You may well know that in order togather as much experience as possible we have hosted international conferences here in Hungary as well with the mottoes "Nordic–Hungarian Seminar, Peacekeeping and its Future" in May 1993, and the "NACC Seminar on the Humanitarian Aspects of Peacekeeping" in January 1994.
In order to elaborate on the Hungarian views to peacekeeping I would like to briefly address three more topics.
We find all structural and organisational transformations that have been initiated by the UN in order to achieve more efficacious and cost-effective operations useful and topical and we give them our full support. By this I mean the organisational changes made in order to bring an end to the wide dispersion of UN Secretariates directing peacekeeping operations, especially the amalgamation of the FOD (Field Operations Division) with the DPKO (Department of Peacekeeping Operations) and the moderate rise in the number of military experts within the DPKO. Here I must remark that after expanding our participation in peacekeeping operations-in line with our financial capabilities - our country also plans to delegate military experts to the DPKO.
We also find the activities of the Planning Group in charge with setting up Stand-by Forces useful. In February, 1994 Hungary proposed to delegate the following sub-unit level forces to take part in it:
a)by 31 October, 1994 we will have a company trained in peacekeeping operations;
b)12 vehicle drivers to be assigned jointly with support units of another country;
c)one HQ Defence and Security Company (91 men);
d)one medical team - materiel and technical support as and when required;
e)certain public affairs and medical elements;
f)military observers and staff officers
I must also add that Hungary continues to interpret peacekeeping in its conventional sense for a long time to come and will be ready to actively contribute to it by making full use of her resources on hand.
Ladies and Gentlemen,
When speaking of peacekeeping I cannot avoid making mention of the Hungarian position on the peacekeeping operations carried out at present in the former Yugoslavia.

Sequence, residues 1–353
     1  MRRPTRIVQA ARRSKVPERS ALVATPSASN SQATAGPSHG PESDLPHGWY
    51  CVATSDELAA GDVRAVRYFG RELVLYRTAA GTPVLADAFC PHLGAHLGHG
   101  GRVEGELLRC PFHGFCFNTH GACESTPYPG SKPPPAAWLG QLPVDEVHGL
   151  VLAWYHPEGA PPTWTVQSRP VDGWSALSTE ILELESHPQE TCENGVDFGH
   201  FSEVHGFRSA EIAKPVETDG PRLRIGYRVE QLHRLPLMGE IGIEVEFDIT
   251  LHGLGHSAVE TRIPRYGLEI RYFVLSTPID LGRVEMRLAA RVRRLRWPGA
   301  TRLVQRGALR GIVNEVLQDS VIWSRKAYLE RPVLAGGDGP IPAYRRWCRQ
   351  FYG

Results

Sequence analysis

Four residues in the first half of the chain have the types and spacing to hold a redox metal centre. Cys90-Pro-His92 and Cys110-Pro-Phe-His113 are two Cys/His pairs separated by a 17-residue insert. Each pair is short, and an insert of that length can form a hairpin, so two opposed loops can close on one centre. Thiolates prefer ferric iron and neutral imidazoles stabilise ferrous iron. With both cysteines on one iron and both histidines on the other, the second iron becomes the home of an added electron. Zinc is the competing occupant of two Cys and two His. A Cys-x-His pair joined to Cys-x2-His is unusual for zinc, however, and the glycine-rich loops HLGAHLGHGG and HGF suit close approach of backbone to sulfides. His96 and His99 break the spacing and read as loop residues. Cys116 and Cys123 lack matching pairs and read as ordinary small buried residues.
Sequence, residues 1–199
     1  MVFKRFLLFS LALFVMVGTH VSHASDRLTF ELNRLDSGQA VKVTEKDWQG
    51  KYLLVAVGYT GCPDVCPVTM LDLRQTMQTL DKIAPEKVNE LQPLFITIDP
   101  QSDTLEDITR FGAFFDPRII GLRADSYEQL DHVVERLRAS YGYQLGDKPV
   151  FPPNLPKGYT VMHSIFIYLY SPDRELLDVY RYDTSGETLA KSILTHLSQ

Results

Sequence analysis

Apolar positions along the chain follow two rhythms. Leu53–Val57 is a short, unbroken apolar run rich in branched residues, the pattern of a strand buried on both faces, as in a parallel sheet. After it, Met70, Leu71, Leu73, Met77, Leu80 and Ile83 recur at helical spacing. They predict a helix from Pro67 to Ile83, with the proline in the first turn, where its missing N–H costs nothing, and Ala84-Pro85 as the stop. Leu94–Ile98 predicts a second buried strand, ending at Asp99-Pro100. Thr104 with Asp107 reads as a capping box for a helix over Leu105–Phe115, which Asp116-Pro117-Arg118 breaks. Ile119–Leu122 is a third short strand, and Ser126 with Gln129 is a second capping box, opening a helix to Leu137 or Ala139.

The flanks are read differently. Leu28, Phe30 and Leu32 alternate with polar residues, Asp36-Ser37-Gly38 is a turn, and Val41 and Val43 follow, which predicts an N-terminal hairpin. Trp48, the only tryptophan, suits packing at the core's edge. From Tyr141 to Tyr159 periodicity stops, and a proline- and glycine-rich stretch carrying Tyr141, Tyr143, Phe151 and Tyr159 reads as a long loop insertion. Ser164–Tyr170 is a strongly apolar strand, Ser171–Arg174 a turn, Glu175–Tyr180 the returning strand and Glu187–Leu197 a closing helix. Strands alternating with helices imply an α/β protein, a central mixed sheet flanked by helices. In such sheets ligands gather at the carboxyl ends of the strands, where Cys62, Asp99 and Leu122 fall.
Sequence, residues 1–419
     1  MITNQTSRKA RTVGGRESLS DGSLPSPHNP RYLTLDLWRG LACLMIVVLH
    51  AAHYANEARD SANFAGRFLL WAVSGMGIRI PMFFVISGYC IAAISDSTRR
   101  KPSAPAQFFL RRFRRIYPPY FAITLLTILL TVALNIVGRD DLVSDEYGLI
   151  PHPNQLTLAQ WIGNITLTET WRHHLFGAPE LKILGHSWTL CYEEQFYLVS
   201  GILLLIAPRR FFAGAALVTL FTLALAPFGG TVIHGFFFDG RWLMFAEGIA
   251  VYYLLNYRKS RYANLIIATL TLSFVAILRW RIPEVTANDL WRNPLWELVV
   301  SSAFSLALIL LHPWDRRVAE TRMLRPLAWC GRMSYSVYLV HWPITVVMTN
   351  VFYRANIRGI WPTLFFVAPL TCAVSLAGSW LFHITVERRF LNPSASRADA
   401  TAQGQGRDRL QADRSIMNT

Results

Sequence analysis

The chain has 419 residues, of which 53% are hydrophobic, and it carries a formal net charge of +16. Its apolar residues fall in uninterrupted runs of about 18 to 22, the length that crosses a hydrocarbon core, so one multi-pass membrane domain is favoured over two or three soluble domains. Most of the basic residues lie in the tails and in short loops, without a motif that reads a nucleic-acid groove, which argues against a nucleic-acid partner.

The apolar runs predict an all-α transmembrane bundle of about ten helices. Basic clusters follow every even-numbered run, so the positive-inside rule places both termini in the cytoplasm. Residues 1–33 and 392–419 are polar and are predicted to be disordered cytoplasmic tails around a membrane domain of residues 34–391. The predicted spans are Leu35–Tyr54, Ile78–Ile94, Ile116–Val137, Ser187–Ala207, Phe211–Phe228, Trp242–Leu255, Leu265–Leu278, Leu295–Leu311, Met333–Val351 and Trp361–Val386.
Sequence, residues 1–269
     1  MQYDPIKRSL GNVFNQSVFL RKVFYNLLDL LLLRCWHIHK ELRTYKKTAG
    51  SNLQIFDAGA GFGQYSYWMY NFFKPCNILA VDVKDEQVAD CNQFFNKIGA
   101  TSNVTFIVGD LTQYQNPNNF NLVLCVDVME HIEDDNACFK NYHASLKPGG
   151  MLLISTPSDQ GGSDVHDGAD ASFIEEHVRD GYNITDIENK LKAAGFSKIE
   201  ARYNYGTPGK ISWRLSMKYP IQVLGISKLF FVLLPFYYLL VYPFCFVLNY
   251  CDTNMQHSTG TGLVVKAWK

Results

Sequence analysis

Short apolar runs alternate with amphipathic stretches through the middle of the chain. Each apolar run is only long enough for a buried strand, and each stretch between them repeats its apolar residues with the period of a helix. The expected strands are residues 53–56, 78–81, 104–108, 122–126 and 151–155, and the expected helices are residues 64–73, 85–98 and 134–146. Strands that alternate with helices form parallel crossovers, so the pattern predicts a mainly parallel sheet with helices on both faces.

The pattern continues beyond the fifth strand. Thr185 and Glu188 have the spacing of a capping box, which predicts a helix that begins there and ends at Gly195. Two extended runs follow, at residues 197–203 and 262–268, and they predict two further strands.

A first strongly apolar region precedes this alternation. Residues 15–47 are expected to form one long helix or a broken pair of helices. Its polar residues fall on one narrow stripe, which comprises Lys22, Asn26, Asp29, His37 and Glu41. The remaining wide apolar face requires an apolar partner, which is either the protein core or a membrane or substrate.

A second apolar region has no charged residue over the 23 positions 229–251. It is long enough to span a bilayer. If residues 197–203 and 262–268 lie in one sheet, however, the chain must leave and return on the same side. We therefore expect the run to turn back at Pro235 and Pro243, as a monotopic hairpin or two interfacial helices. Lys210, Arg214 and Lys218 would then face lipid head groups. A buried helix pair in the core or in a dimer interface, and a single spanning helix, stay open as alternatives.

New states have appeared in the former Yugoslavia and a complex, unresolved situation emerged. The newly established UNPROFOR cannot be considered as a regular peacekeeping mission since no frontlines exist in Bosnia-Herzegovina and demilitarised zones cannot be demarked either, so we cannot talk about peacekeeping in its traditional sense.
Hungary is in no position to contribute to the activities of UNPROFOR for understandable reasons (close proximity, large Hungarian minority). We believe that UNPROFOR is not one of the most successful UN missions, but at the same time it would be unfair to call it a failure.
We think that the major shortcoming of the project is that it was initiated rather late and its first steps were indecisive, so unfortunately they have only been lagging behind the events. Thus their mandate has been modified a number of times as well. Despite all the problems we can appreciate that the danger of an all-out civil war has been averted and truce achieved in Croatia.
The escalation of war has been successfully averted in Voivodina and Kosovo and preventive measures have stopped the conflict from breaking out in Macedonia.
The humanitarian aid programme in Bosnia is operating effectively.
International joint action and the growing number of peacekeeping forces have saved hundreds of thousands of lives. The possibility of a peaceful resolution still remains thanks to their efforts and assistance.
Ladies and Gentlemen,
I have reached the end of my brief presentation of the Hungarian aims and objectives associated with peacekeeping. I hope I have been instrumental in forming a picture of the Hungarian position on this important issue. Confident in this hope, I thank you for your attention.